The Atlantic island of Madeira is on track for a record year, according to the region’s tourism chief, Conceição Estudante.
During a recent interview with eTurboNews, she predicted that the number of tourist arrivals will break the 1 million mark for the first time, signifying a 5 percent increase compared with 2007.
Estudante cited the advent of low-cost flight operations as one of the principal reasons for the recent surge in traffic, along with a much-improved infrastructure such as the new facilities at Santa Catarina airport, more up-market hotels and a greatly extended road system.
“The advent of low-cost flights to the island has made an immediate impact, particularly from the UK, which is a trend that looks set to continue,” she said.
Once on the ground, tourists can now circumnavigate the island in just over an hour on brand-new motorways and visit a variety of recently-opened attractions such as the Madeira Story Centre, Casa das Mudas Contemporary Art Museum and the caves and volcanology centre at São Vicente.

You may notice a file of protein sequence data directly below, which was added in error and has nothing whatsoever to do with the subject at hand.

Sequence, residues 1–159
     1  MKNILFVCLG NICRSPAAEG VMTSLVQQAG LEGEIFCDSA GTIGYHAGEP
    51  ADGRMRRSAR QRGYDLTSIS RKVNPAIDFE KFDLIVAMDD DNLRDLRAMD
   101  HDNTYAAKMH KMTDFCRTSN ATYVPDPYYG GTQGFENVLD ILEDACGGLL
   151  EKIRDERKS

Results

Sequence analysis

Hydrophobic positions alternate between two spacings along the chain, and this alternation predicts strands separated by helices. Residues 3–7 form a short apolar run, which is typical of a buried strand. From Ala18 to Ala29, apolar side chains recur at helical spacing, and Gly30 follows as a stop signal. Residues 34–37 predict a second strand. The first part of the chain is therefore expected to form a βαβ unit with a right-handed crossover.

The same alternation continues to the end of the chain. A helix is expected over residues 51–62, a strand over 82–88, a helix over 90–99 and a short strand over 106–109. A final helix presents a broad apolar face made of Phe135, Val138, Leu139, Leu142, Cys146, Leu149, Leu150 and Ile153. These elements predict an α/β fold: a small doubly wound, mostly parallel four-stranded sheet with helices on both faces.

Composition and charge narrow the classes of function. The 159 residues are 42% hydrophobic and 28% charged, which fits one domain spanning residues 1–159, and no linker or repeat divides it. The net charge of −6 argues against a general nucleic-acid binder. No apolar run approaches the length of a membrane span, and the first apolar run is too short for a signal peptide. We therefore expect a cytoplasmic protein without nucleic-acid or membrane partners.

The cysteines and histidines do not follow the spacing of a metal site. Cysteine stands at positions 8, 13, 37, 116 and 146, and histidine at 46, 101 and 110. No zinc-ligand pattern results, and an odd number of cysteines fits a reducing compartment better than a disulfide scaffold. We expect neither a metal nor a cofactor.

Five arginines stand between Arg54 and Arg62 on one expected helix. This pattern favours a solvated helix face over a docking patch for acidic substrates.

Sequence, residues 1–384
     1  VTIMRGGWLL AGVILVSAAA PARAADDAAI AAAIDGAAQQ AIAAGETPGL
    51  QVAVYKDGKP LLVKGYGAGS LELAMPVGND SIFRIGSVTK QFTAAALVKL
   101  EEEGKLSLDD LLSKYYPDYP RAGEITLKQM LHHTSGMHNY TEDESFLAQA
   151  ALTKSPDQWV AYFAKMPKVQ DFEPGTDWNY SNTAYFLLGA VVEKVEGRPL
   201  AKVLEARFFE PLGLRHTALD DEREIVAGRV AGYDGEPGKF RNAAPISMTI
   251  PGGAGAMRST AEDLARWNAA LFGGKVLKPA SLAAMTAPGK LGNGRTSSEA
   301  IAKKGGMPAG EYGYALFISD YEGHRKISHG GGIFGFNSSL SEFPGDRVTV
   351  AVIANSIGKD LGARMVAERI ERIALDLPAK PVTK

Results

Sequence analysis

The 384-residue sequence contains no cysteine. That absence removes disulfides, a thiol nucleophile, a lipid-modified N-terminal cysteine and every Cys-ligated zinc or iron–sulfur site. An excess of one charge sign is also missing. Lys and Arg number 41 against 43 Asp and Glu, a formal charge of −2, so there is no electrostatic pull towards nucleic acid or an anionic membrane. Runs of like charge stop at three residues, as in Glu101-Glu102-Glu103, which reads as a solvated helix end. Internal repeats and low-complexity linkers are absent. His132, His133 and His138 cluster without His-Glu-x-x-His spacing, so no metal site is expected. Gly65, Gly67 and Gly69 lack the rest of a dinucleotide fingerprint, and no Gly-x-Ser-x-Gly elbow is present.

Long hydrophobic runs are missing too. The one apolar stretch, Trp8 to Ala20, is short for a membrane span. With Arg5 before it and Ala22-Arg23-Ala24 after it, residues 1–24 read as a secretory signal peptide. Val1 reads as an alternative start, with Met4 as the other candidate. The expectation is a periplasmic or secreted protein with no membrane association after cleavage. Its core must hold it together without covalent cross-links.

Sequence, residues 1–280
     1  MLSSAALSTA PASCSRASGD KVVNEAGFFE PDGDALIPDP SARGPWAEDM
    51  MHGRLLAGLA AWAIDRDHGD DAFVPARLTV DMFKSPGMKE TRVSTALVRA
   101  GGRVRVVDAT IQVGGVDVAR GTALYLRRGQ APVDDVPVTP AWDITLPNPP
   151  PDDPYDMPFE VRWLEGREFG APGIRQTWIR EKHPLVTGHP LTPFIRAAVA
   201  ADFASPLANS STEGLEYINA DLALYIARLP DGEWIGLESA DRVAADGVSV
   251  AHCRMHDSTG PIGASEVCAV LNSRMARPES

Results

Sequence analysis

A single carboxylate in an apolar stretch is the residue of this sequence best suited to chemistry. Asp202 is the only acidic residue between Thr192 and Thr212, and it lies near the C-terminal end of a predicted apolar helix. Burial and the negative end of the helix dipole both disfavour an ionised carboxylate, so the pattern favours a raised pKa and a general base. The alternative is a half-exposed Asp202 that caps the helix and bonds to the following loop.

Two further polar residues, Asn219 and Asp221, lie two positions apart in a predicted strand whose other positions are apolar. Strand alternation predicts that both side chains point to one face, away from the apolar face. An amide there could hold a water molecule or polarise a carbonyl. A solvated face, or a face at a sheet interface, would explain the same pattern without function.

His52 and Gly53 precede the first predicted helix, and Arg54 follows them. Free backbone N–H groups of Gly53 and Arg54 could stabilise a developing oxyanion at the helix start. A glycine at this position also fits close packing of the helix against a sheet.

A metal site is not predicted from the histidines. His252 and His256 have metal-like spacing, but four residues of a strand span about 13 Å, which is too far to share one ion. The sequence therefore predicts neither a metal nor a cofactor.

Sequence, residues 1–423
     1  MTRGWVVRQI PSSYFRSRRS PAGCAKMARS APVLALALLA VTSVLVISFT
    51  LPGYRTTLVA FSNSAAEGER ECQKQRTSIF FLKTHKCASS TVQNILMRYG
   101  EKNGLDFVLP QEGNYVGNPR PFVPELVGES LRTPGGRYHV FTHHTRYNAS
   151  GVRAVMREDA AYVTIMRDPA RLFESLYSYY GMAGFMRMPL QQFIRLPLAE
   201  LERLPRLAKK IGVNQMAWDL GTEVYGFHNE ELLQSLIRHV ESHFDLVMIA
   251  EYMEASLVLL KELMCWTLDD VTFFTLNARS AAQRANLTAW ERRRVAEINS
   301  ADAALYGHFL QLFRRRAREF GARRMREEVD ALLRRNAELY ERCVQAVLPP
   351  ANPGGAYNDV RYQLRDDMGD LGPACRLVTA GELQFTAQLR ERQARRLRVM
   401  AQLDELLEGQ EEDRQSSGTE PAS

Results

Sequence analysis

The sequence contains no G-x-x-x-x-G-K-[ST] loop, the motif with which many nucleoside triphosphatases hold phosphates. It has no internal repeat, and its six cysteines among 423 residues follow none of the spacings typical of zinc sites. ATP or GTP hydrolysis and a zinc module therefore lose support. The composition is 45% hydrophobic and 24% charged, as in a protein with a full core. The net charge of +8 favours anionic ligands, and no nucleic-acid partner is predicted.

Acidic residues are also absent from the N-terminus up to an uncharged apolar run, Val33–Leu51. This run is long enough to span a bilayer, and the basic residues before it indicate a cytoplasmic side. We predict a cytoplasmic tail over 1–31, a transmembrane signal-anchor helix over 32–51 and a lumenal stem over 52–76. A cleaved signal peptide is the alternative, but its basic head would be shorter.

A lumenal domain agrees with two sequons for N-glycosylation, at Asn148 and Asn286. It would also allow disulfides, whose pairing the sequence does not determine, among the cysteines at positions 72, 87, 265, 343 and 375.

Madeira’s popularity as a cruise destination also continues to grow, with 264 ships making a stopover last year, representing a rise of 14 percent compared with the previous year.
“Cruises are a thriving segment of the market and we have hopes for a further 5 per cent increase this year,” Estudante added.
The neighboring island of Porto Santo to the north-east of Madeira has also greatly enhanced its product portfolio in recent years by adding golf courses and spa facilities to the mix. The idyllic Atlantic hideaway, once home to Christopher Columbus prior to his pioneering voyage to America, boasts a long stretch of sandy beach, a vital tourism asset and one that Madeira doesn’t possess.
“The idea is to extend Porto Santo’s traditional summer season with golf courses, spa centers and more resort hotels. Both islands are ecologically in vogue and blessed with a temperate year-round climate, an abundance of lush green subtropical vegetation and some of the most striking sea and mountainscapes imaginable, and all within striking range of most European cities,” she concluded.